On the offence: Where to invest in a down market
The most common, and most ignored, piece of investment advice ever? Buy low, of course.
We know this to be true because there was a stunning $70-billion sitting in safe but low-paying money market funds at midyear, almost 45 per cent more than in the same period last year. Investors aren't buying low as the stock markets fall; they're buying safety.
Problem is, safety pays a mere 2.5 to 3 per cent these days. Long term, well-chosen stocks, mutual funds and exchange-traded funds bought today should beat that return by a huge margin. For some guidance on where to start buying, Portfolio Strategy asked for suggestions from five people in the business of providing investment advice.
The understanding here is that the stocks and funds would be purchased by risk-tolerant investors who can live with the possibility that the markets will fall further before they recover, and that it could take years before purchases made today look good.
Before offering some suggested stocks, Sheryl Purdy of Leede Financial Markets in Calgary wanted to reinforce the idea that patience is required if you put money in the market right now. Specifically, she insists her clients take a long-term perspective of five years or more.
"When someone says, 'I'm ready to dive right in, let me at it,' I scale back their expectations," said Ms. Purdy, a vice-president at Leede.
Her first stock pick was Bank of Nova Scotia, which she calls her favourite of the big banks. It happens that several of the advisers consulted for this column mentioned financial stocks in one way or another, which is significant because they're among the hardest-hit market sectors of the past year.
Scotiabank looks good to Ms. Purdy because of how careful it is spending money on acquisitions and deal making. "That's the type of corporate attitude that I'm quite delighted with. If they go out and do something, they've bloody well done their homework."
Another stock pick was Shoppers Drug Mart, which sells the kind of staples that people have to buy regardless of economic conditions. In the current market decline, concern about a weakening economy is one of the big worries, along with a resurgence of inflation.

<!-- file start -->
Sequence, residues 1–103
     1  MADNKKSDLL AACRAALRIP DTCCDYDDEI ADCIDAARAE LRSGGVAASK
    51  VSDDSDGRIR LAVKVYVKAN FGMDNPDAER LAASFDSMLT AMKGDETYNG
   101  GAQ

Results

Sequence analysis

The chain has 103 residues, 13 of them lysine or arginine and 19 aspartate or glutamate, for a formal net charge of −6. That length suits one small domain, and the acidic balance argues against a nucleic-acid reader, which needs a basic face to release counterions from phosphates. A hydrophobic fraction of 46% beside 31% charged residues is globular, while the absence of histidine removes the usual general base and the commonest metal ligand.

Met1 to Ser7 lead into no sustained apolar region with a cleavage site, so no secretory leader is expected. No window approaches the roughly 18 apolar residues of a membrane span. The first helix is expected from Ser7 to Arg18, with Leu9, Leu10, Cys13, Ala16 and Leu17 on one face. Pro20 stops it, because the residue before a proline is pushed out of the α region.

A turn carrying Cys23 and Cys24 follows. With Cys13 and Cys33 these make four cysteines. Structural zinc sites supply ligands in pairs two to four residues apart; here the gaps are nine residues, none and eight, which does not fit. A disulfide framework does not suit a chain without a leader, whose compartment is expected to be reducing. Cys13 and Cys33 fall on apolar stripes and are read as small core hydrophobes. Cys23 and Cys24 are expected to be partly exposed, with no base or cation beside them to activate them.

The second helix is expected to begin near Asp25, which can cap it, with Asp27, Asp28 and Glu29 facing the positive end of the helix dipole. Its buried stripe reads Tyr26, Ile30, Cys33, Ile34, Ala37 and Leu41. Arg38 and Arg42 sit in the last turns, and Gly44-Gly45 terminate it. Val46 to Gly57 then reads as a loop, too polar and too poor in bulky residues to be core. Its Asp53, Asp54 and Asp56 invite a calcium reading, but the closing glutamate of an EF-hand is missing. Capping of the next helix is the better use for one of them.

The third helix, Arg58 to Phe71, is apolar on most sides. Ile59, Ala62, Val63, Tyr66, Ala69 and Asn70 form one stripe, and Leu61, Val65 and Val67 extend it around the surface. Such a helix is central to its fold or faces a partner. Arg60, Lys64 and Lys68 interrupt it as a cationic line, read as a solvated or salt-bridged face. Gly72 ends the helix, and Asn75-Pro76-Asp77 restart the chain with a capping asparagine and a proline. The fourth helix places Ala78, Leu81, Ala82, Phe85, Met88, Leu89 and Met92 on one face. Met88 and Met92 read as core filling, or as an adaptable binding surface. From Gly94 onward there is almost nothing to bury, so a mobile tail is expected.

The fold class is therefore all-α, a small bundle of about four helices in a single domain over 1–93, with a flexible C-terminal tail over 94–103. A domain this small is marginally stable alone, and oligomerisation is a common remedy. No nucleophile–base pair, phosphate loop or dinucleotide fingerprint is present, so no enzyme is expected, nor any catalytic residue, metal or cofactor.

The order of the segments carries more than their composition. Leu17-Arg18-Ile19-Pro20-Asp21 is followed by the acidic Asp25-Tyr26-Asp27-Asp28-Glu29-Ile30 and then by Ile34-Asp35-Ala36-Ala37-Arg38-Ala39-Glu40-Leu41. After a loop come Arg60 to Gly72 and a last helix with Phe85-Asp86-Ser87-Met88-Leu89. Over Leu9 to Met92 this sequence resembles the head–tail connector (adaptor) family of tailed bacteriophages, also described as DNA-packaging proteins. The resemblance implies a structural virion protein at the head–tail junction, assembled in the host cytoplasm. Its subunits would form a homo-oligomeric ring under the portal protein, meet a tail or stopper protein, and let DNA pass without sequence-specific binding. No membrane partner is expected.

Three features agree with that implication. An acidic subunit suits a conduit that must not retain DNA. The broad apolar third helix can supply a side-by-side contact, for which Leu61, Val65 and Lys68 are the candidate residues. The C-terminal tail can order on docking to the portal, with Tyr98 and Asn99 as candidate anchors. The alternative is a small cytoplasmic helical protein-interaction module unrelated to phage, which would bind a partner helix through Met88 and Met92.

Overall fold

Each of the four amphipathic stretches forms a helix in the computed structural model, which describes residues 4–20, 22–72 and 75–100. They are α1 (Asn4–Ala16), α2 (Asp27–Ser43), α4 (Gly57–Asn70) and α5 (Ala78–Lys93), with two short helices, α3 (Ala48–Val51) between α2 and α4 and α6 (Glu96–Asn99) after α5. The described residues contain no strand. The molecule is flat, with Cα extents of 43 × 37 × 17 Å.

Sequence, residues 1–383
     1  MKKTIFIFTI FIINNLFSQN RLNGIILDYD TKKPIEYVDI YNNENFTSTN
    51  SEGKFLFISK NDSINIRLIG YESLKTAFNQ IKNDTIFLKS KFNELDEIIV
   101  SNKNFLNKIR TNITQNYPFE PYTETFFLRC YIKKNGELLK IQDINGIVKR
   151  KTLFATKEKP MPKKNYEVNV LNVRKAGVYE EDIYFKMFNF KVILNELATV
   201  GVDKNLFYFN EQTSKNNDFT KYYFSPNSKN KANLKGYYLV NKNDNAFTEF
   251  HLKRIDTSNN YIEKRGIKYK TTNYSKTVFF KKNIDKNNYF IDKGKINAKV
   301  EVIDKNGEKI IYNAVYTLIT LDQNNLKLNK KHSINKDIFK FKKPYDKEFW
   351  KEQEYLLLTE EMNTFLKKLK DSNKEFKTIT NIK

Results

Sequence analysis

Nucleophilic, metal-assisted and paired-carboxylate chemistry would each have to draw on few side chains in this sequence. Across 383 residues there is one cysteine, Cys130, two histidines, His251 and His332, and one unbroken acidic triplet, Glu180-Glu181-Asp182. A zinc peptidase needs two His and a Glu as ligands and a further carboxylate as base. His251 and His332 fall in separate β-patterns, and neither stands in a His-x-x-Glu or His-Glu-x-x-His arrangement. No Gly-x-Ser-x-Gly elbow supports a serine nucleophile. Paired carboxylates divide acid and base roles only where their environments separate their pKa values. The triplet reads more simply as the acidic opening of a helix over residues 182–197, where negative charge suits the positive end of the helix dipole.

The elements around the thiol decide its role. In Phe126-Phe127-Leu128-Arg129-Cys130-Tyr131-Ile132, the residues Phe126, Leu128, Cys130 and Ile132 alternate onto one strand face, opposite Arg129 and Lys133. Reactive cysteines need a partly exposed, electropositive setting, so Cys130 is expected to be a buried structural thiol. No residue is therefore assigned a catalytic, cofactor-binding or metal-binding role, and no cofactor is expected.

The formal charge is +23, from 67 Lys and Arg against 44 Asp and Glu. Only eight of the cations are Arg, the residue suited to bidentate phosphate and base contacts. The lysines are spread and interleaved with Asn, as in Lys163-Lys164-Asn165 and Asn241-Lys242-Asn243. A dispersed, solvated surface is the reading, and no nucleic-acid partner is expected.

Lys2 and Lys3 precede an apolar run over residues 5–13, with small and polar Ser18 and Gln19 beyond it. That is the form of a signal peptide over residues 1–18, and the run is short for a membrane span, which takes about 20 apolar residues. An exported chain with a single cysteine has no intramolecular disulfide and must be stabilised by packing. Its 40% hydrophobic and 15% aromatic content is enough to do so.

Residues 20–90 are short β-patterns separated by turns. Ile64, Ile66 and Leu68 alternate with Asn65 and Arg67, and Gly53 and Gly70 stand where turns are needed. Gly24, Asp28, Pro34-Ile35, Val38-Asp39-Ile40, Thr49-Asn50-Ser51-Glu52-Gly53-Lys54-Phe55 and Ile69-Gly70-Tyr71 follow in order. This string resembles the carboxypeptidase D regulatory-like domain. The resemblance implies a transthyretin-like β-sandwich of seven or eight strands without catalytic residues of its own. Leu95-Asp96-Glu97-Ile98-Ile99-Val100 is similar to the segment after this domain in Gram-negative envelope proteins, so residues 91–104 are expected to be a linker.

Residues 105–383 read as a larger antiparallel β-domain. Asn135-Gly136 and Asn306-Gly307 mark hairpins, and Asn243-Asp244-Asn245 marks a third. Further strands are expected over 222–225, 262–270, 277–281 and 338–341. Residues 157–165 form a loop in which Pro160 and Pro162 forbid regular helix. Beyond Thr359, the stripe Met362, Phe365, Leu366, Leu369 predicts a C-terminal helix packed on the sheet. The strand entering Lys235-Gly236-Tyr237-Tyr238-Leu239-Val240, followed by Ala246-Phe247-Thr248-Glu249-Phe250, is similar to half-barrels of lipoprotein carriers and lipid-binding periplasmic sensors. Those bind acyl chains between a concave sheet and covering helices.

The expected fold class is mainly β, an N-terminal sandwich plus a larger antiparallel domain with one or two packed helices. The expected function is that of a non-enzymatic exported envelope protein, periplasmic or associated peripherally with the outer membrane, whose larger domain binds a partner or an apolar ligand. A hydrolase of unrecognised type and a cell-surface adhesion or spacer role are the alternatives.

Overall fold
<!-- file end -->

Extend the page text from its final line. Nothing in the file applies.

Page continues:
Ms. Purdy is impressed with Shoppers because the way its stores are evolving is helping the chain take business away from other retailers. "I was preparing my kids for going to camp earlier this year and I dropped a significant amount in Shoppers Drug Mart on things I would normally have to go to four different stores for."
A third pick is Hanfeng Evergreen, which is listed on the Toronto Stock Exchange but operates in China as a producer of slow-release fertilizer. This fits in with her belief in the continued growth in the Chinese economy.
Andrew Pyle, an investment adviser with Scotia McLeod in Peterborough, Ont., said blue-chip stocks that offer a dividend are a good place to start if you're willing to put money in the market today.
"You want something in your portfolio that is going to pay you to be there, just in case we're not at the market bottom and you have to go through this [market volatility] for another three or six months," Mr. Pyle said.
Financial stocks are a good place to start looking for dividends, he added. He figures that investors who feel the worst of the current financial turmoil has passed could buy any of the Big Five banks today. For those who are reluctant, he suggests waiting until the banks start reporting their earnings for the quarter ended July 31. At that point, it should become clearer whether there is more trouble ahead for the banking sector.